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Why the midterm elections are hackable, the price of privacy, and more - catch up on the week's infosec news with this roundup!
1. Why the Midterm Elections Are Hackable by Nick Holland
We're just shy of eight weeks from the midterms election and seemingly little has been done to assuage voters that their votes won't be compromised by a foreign third party. BankInfoSecurity, a division of the ISMG network, talked to Barbara Simons, a voting security expert who previously released a book on the subject, Broken Ballots. According to Simons, who has been keeping up with the lack of movement around both voting security technology and legislation of late, one of the biggest problems is that so few states allow its citizens to vote on completely paperless machines. "I'm pretty horrified by the fact that there are still 13 states in the United States today in which voters will be casting their ballots in this upcoming midterm election on paperless, unrecountable, vulnerable voting computers,” Simons told the publication, “Everybody in Georgia who casts a ballot in the polling place will be voting on these paperless machines that we have known how to hack since 2006 and that we also know can be hacked remotely."
2. Midland servers hacked, attackers demanding ransom by Andrew Mendler
That lull between the end of August, Labor Day, and the first week of September, naturally, is a prime time for cyber attacks. Admins are at the beach, on vacation, or at the very least away from their networks. Midland, a town located on Georgian Bay in Simcoe County, Ontario, found this out the hard way over the weekend after its systems were hit by ransomware. It sounds as if the town emerged somewhat unscathed from the incident. According to Andrew Mendler, a reporter for The Midland Mirror, Midland is taking steps to restore access and has contacted the appropriate authorities, including the Information and Privacy Commissioner of Ontario.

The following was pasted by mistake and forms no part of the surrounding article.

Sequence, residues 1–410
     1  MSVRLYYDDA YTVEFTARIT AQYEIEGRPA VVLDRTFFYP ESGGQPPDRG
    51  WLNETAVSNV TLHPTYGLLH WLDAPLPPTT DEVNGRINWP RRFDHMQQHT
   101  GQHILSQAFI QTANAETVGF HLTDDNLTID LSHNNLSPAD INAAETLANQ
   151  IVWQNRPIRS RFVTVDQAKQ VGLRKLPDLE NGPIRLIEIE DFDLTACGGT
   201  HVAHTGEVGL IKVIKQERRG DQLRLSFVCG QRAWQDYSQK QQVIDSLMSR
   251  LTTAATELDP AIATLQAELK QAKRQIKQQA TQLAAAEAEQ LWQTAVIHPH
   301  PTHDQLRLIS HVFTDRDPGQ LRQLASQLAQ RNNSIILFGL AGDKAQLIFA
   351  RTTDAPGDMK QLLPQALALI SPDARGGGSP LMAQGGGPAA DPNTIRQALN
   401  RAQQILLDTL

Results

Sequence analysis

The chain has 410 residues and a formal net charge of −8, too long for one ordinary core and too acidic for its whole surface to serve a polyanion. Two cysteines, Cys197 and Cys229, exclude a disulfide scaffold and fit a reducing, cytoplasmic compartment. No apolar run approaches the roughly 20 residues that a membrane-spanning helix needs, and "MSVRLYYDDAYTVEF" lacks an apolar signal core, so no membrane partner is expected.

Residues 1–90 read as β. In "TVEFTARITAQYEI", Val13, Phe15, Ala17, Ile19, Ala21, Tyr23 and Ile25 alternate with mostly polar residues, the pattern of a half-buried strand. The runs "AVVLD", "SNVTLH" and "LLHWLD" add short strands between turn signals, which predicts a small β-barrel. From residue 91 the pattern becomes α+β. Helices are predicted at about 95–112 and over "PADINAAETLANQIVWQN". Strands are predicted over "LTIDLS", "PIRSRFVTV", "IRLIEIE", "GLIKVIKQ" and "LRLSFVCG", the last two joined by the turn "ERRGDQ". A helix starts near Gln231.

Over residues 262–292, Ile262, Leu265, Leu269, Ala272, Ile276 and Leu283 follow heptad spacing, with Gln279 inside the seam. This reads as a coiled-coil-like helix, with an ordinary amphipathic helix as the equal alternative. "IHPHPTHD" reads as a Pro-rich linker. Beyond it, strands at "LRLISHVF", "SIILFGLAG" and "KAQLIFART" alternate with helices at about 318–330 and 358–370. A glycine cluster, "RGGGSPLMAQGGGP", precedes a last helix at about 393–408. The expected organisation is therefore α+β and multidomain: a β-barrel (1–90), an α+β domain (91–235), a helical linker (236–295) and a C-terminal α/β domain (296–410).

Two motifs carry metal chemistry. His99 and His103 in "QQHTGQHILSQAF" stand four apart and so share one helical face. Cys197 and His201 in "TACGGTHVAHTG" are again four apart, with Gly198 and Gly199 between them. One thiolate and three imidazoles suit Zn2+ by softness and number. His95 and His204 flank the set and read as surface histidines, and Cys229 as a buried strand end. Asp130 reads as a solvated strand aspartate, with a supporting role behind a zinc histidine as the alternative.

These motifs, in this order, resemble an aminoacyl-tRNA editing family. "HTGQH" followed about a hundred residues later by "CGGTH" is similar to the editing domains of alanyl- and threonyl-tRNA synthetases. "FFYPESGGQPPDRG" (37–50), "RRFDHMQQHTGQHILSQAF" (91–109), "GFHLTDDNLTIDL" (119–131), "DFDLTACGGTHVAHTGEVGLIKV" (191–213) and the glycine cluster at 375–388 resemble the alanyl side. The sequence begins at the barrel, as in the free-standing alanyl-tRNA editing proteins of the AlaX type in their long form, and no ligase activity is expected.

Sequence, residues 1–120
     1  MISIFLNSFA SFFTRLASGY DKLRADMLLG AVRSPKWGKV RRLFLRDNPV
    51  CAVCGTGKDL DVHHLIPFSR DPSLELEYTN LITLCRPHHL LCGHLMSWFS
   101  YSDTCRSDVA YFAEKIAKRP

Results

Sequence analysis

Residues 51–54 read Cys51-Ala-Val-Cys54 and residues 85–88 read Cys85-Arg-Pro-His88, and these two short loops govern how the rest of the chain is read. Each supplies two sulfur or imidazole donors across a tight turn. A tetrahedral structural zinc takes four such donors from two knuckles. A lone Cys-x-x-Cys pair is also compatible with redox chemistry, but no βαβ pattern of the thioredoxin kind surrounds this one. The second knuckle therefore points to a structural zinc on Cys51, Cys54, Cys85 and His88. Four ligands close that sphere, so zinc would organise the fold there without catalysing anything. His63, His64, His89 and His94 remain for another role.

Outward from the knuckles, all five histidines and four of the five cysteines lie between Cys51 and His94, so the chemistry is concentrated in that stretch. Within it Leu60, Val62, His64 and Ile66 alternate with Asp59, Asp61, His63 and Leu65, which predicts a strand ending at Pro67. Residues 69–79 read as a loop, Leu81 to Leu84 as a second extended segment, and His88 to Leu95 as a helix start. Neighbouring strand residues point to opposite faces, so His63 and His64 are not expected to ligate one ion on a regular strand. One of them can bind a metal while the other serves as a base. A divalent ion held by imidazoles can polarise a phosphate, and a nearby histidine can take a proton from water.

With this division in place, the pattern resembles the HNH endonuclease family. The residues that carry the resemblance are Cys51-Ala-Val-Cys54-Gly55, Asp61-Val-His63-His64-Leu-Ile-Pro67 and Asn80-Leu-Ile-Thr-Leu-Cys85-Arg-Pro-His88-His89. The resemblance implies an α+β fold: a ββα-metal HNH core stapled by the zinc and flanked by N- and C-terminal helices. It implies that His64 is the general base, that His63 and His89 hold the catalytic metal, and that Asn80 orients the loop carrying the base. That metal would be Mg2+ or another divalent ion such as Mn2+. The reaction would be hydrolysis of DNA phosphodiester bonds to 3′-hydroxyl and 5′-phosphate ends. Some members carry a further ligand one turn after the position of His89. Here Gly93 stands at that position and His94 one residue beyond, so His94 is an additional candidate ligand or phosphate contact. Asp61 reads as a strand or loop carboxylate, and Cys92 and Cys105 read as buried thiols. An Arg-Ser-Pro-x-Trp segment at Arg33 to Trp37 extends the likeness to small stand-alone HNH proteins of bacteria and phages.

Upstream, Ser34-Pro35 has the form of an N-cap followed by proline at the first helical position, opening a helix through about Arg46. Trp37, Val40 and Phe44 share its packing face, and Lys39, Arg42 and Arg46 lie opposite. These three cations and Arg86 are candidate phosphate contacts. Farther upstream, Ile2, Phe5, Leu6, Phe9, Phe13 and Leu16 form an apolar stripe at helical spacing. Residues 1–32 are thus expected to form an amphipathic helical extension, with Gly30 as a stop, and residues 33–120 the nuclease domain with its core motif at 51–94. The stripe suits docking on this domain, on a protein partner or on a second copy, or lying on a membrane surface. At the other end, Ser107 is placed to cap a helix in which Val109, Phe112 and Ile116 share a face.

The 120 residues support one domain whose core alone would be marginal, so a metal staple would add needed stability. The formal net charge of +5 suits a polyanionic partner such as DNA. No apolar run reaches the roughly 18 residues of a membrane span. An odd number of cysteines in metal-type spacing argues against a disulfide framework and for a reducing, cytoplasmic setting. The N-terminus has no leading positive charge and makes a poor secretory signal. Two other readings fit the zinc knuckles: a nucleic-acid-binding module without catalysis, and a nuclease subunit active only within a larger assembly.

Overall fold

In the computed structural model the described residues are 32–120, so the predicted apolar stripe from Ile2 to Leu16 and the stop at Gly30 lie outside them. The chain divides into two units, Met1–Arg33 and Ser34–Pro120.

3. What Is the Price of Privacy? by Noelle Knell
Okay, so you're not going to get a literal answer to the question posed by this Government Technology headline but the article does do a nice job recapping some of the major privacy legislation to wend its way through the books, both here and abroad, so far in 2018. Noelle Knell, the publication's editor discusses the impact of GDPR and surely to be more impactful here, the California privacy bill that was passed in June. The piece ends with a call to action of sorts that suggests data privacy won't go away until it takes center stage: Government, and those who contract with government, must be held to a higher standard when it comes to privacy.
What Does the GDPR Mean for Global Data Protection? (Infographic)
4. Browser Extensions: Are They Worth the Risk? by Brian Krebs
Keeping with the trend of featuring articles that ask the reader questions… In the opinion of Brian Krebs, noted cybersecurity scribe, the answer to this question, posed Wednesday on his KrebsOnSecurity blog, is almost always 'No.' The subject of the blog deals with file-sharing site Mega.nz, which warned this week that hackers managed to infiltrate its Google Chrome browser and route usernames and passwords entered via the browser to a server in Ukraine. The hack stems from an incident earlier this week in which an attacker managed to compromise the service's Chrome Web store account and upload a malicious version of the browser extension. Krebs makes a couple of good points in his blog: It's always important to evaluate the permissions that browser extensions request of users, and that sometimes extensions may not just be worth the risk.
5. Unpatched routers being used to build vast proxy army, spy on networks by Sean Gallagher
The router company MikroTik pushed a software update to resolve a vulnerability in the devices back in April but that hasn't stopped attackers from targeting the it en masse. Researchers said this week that 7,500 of the routers are being used to eavesdrop and forward traffic to remote servers. While there are apparently 14,000 of the routers operating from US-based IP addresses, according to Netlab 360, the firm that sniffed out the malware campaign, most of the affected networks are based in Brazil and Russia.